StyleBible Preview
You may now save articles for later!

Meet the Young Designers Who Will Represent the Country in an International Design Competition at KLFW

Meet the Young Designers Who Will Represent the Country in an International Design Competition at KLFW
IMAGE Ronnie Cruz of Art Personas
Go Team Philippines!

The AirAsia Runway Ready Designer Search (AARRDS), in collaboration with the Kuala Lumpur Fashion Week Ready to Wear (KLFW RTW) team, is about to make another young designer’s dreams come true!

With prizes worth over RM350,000 on the line, 15 talented fashion designers from Indonesia, Thailand, Singapore, Philippines, and Malaysia are set to compete for a chance to become AirAsia’s Most Promising Designer for 2016.


Last July 23, the top three designers from each participating country were flown to Malaysia for the fitting and exclusive coaching session with Andrew Tan, founder of KLFW RTW. The finalists will each showcase their three-piece collections at the KLFW runway on August 19 at the Pavilion Kuala Lumpur shopping mall, and only one will bag the title along with many other perks, including a confirmed show segment to showcase his or her full collection at KLFW RTW 2017.

watch now

(From left to right: Philippine designers Ron Xavier Santos, Bea Samson, and Mae-Ann Veloso)

Needless to say, our money’s on Team Philippines!

Read on below and meet the three local designers who will be representing our country in the upcoming international design competition at Kuala Lumpur Fashion Week.



Tell us about your collection.

“My collection was inspired by the evolution of the Filipino costumes starting from pre-colonial times. While I was researching, I found out that when the Spaniards colonized the Philippines there was already a pre-existing Filipino costume but that’s not the one known today like the barong tagalog, the terno, and all that. They tried to establish control by forcing people to wear certain clothes, which explains why in some of our costumes there were four different layers even though it’s a very hot country. Even the barong tagalog was established so that they can see whether the Filipino men were trying to conceal weapons or not, and it always had to be below the waist. Basically, every detail in my collection is like turning it around. I made it revealing wherever it was possible. And even in the barong tagalog, they were using embroidery as a subtle way to revolt against the Spaniards so I also used that. All these details are supposed to go against what they used to impose on us.”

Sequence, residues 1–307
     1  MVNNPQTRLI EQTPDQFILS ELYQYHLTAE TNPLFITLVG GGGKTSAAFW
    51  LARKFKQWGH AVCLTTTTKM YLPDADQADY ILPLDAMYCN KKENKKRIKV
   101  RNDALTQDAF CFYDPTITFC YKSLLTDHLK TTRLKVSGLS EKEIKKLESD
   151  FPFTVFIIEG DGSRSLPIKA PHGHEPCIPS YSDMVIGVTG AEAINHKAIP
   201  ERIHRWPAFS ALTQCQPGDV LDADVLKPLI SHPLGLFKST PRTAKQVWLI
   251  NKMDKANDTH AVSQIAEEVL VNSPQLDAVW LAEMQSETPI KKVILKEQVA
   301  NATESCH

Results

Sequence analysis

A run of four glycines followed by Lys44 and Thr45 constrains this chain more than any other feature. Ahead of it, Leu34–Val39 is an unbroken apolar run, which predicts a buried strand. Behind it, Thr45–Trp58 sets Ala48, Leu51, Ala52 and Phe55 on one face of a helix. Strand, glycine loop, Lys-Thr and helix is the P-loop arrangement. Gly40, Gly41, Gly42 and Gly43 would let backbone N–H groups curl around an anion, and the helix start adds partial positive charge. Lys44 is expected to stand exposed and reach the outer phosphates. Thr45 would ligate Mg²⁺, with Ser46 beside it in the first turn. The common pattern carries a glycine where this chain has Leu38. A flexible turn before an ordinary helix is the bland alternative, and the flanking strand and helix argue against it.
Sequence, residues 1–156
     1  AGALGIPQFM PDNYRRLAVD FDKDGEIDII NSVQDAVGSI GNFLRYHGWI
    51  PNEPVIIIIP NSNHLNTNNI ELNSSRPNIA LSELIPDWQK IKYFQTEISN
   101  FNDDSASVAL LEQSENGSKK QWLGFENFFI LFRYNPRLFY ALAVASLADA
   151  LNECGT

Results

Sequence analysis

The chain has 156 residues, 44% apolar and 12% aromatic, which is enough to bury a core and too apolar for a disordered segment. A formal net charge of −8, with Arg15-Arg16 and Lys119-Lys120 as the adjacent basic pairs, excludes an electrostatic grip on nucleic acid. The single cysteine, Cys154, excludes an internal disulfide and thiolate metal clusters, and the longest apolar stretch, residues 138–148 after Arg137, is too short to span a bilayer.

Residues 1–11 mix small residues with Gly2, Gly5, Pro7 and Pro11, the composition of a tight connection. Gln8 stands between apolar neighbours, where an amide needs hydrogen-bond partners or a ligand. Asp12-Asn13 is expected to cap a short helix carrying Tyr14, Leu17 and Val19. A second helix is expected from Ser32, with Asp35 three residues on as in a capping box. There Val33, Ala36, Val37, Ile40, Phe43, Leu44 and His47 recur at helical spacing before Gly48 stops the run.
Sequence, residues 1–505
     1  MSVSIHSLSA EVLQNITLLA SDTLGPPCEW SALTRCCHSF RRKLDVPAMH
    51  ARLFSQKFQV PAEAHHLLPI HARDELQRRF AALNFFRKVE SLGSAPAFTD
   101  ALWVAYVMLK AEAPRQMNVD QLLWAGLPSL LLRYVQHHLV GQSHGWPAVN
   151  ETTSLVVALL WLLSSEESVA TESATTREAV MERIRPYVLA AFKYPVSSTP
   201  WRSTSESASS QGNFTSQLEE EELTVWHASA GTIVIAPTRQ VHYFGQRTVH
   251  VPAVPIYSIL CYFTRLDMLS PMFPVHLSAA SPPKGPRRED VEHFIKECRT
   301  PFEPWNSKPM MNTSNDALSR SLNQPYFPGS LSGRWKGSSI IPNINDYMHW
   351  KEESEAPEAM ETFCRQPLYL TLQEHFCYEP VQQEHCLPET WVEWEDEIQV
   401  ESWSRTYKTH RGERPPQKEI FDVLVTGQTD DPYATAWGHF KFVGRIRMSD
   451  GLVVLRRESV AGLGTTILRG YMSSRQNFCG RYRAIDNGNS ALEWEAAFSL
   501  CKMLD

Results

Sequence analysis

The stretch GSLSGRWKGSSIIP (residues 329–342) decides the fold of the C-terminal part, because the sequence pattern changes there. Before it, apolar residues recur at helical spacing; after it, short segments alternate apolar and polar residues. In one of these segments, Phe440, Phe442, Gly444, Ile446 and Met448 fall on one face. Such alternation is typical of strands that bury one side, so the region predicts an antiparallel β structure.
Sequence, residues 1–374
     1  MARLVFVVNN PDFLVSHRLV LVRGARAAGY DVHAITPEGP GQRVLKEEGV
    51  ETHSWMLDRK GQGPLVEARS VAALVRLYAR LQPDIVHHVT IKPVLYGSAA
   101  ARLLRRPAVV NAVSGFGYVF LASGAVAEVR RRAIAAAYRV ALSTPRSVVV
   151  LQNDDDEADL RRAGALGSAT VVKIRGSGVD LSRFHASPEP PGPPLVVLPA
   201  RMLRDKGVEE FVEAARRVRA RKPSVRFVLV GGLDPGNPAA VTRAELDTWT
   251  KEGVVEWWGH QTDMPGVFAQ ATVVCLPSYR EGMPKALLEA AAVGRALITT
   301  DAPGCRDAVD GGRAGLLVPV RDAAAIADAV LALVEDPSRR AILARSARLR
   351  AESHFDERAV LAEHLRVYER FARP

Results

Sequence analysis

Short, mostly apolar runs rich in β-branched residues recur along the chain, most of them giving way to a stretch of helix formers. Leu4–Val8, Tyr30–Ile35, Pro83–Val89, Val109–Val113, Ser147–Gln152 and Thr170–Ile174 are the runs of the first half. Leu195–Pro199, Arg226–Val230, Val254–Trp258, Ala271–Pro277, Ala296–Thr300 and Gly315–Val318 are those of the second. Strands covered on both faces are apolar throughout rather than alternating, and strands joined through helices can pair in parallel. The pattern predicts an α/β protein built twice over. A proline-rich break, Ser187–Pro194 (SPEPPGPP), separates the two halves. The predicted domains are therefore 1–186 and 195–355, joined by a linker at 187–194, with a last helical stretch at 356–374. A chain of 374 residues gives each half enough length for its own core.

What sets you apart from the other designers in this competition?

“Being meticulous with the construction, that’s one thing. Another thing is that I really like well-researched collections. I want every piece of it to have meaning—not just random details that look nice. It has to have a purpose.”



Tell us about your collection.

“Paraluman means muse, or the most beautiful. It’s someone who inspires artistically, so I used the traje de mestiza, the terno, and the barong tagalog as my inspirations. I chose that direction because it’s the best time to represent the country in an international platform. I also used the pañuelo as inspiration so I have a coat that’s oversized and I plan to wear it slightly off the shoulder on one side. I also have layers, because the traditional Filipino clothes have different layers. I’ve always liked the old pictures of women wearing their traje de mestiza or terno, but nowadays we only see them on special occasions so I want to make it more wearable and accessible but at the same time express the same kind of beauty, class, and overall elegance.”

How does your collection represent your signature aesthetic as a designer?

“Probably the textures and prints. It’s actually challenging because we’re limited to three looks, but you want to show them your range as a designer. So what I did was I have one look with the digital prints and it’s an oversized coat because I like ovoid tops, etc. That’s an original print, by the way! I also have one other piece that’s Victorian-inspired but it’s made from silk cocoon, and since I love pleats, I bought the fabric then had it pleated. For the third look, I have mesh with stripes and another set of stripes. I think it’s basically mixing everything but making sure that it’s all still cohesive.”


Alingawngaw ng Pag-Alala / Remembering Resonance


Tell us about your collection.

Remembering Resonance is inspired by the Philippines and the Filipinos. Gathering elements from the country’s rich culture, this collection is redesigned for the modern, more experimental generation. It is an homage to our evolution, not only of what we wear but of who we are as people. Although other forms of native attires exist in the Philippines, others are indigenous and tribal in origin, I chose the filipiniana, which is the most highly evolved among our national costumes. The idea is to interchange the filipiniana elements to create new looks making it ready-to-wear, so I focused on three—the barong, the terno, and then the mestiza. The challenge is to be mindful of the theme, which is Asian-inspired. And then I incorporated my own design aesthetic, which is streetwear. The aim of my collection is to be worn by today’s Maria Clara.”

How does it feel to be representing Philippine fashion in this competition?

“It feels surreal. It’s a big challenge and it’s such an honor to showcase the Filipino art and local talent. It proves that Filipino designers are truly globally competitive.”

Photos courtesy of AirAsia and Art Personas

Related Stories from

Hey, Preview readers! Follow us on Facebook, Instagram, YouTube, Tiktok, and Twitter to stay up to speed on all things trendy and creative. We’ll curate the most stylish feed for you!

More Videos You Can Watch